Personal Experience — Not feeling ‘worthy’ of Self care.
It’s 3pm. I’ve just woke up. I curse myself for staying up late doing nothing of value, purely because I know if I went to bed at midnight I just wouldn’t sleep. I put on the same clothes I’ve had on for two days straight because I haven’t washed any others in a while. I think about having a bath, a shower, washing my hair. The thought overwhelms me and I feel guilty and disgusting that I haven’t managed to do this the last few ‘mornings.’ I decide to punish myself by not doing either.
I go downstairs and think of making myself a decent healthy breakfast. I pour sugary Coco Pops into a bowl instead and then berate myself again. I sit on the sofa and stare through the TV. I look at job descriptions I feel like I can’t do.
I should write. I know I should write. I have deadlines coming up and I need to focus on sticking to them. Plus, writing makes me feel better, more productive. Instead I refresh every social media app on my phone whilst simultaneously ignoring messages and missed calls from friends and family. They don’t need to know I feel like this again.
I think of watching something to take my mind off things, but there’s nobody here to make the decision for me. I flick through Netflix for half an hour, then switch it off.
I keep zoning in and out. I’m out of sync with my tablets due to when I keep waking up. I may have missed a couple of days. I experience little ‘brain jolts’ as I call them, from withdrawal. I do nothing about this because for some reason I enjoy the strange sensation. I then feel guilty for enjoying something that is harmful to me.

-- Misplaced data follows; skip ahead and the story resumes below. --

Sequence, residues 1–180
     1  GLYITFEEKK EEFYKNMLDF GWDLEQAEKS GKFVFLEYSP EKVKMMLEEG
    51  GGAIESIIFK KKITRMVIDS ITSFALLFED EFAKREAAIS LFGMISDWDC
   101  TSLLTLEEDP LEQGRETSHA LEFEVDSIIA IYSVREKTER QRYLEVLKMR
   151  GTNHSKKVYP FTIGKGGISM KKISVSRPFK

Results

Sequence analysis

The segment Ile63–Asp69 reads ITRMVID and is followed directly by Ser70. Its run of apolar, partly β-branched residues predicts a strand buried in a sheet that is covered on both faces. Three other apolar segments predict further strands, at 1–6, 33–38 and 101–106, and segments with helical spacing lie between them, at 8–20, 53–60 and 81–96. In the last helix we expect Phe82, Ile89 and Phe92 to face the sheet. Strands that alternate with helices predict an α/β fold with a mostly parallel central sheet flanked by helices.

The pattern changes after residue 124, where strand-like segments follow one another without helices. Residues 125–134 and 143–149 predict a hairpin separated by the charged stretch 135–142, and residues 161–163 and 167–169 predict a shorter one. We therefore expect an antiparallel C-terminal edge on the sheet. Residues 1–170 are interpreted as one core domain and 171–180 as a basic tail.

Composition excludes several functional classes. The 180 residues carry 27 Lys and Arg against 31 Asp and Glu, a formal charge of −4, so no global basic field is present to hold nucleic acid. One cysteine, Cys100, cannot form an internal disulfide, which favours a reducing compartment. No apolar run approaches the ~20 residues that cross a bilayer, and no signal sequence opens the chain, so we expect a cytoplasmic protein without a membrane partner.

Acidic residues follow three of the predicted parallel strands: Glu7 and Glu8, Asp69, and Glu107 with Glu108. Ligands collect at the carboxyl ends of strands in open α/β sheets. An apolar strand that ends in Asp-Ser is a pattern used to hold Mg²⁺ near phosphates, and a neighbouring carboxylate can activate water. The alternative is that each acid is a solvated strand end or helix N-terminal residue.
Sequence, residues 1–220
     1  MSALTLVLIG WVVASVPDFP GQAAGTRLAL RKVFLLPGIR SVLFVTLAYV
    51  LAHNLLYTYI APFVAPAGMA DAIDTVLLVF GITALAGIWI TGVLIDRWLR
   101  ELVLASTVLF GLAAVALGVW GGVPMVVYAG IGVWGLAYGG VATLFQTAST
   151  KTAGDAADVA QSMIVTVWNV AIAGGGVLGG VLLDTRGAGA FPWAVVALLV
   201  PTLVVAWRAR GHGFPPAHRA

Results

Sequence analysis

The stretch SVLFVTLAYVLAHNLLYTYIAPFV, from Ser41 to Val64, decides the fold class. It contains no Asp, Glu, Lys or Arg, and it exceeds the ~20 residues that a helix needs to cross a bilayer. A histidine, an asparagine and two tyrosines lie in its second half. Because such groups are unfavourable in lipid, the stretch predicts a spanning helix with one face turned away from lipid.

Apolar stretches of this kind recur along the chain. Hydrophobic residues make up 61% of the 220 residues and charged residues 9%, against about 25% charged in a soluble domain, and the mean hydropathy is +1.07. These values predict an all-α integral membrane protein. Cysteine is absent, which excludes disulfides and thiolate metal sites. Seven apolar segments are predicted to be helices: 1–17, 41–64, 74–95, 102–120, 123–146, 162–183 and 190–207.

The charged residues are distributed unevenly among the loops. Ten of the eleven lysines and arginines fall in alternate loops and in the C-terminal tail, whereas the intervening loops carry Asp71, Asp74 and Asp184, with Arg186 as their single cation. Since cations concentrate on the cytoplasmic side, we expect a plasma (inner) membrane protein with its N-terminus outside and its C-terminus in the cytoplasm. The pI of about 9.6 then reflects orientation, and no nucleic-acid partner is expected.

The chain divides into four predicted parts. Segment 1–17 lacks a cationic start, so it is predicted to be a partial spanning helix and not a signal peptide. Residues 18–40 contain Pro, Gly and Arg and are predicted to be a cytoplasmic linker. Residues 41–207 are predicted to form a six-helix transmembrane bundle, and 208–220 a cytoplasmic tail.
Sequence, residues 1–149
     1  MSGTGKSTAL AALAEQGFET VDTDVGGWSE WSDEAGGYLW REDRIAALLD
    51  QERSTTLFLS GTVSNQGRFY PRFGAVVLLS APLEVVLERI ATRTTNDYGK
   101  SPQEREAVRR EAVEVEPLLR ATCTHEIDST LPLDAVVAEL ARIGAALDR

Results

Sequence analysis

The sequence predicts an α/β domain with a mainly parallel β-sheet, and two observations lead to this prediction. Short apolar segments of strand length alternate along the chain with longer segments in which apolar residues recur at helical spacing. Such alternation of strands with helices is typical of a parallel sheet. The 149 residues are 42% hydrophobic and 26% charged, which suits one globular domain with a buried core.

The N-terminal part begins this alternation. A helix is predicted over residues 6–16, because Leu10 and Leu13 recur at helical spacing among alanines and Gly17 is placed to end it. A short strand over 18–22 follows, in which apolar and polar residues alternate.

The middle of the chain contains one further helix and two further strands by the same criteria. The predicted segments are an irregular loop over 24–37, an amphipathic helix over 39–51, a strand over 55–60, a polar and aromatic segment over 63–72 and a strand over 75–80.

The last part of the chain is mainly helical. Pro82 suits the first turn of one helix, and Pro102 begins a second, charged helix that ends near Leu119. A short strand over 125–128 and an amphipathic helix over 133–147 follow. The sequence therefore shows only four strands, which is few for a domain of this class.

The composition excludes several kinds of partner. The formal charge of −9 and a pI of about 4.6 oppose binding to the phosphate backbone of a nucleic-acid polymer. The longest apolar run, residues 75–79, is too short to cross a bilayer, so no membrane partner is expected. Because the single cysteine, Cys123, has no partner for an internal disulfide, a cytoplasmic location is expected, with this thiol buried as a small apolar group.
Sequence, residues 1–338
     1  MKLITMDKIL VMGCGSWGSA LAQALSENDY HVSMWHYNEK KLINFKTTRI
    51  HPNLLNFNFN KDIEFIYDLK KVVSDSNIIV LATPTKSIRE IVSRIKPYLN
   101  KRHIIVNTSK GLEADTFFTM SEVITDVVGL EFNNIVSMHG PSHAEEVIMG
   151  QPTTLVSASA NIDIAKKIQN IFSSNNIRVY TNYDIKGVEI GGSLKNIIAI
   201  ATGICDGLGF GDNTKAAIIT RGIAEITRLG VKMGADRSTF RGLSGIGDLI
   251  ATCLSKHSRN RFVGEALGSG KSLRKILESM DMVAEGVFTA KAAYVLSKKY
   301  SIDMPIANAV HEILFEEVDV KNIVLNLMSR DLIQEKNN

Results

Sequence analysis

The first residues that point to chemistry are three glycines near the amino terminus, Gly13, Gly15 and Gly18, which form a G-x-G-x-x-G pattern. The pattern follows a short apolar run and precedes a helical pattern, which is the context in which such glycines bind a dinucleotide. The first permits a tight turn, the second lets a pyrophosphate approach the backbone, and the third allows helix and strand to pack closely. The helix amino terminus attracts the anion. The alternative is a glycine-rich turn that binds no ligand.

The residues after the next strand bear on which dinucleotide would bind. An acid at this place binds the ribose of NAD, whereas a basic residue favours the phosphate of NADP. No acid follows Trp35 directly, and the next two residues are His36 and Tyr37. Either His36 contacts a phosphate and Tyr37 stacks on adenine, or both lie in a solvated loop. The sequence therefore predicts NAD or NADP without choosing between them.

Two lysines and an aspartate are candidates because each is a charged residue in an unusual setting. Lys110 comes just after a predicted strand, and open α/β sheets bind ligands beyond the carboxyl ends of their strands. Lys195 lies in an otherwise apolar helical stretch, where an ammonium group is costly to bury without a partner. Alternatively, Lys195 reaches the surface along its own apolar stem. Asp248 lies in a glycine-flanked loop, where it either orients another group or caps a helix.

Eventually, I decide to reach out to a friend. I already feeling guilty for doing so. She’s got problems of her own, plus she has a little one to care for. She doesn’t need to hear about my latest meltdown, or the ridiculous things going on in my head. But she listens. She suggests. She sympathises. Makes me feel that in that instance I wasn’t alone and a burden.
I make a list, of everything I’ve been putting off — no matter how big or small. I realise that other people feel like this from time to time. I’m not a terrible person for feeling like I don’t deserve to help myself, to make myself feel better.
Self-care isn’t all Disney films, Instagram-able bath bombs and cuddly blankets. Sure- that can help, and sounds like a lovely time- I like to call it ‘surface self-care,’ or ‘Tumblr self-care.’ But when the lows moods hit, the more mundane day-to-day things seem to be the biggest struggle. It may feel that avoiding this stuff is a punishment to yourself, like you deserve it for being lazy or stupid of whatever your brain is telling you at that precise minute, but prioritising what you need to do, and celebrating the little victories will help.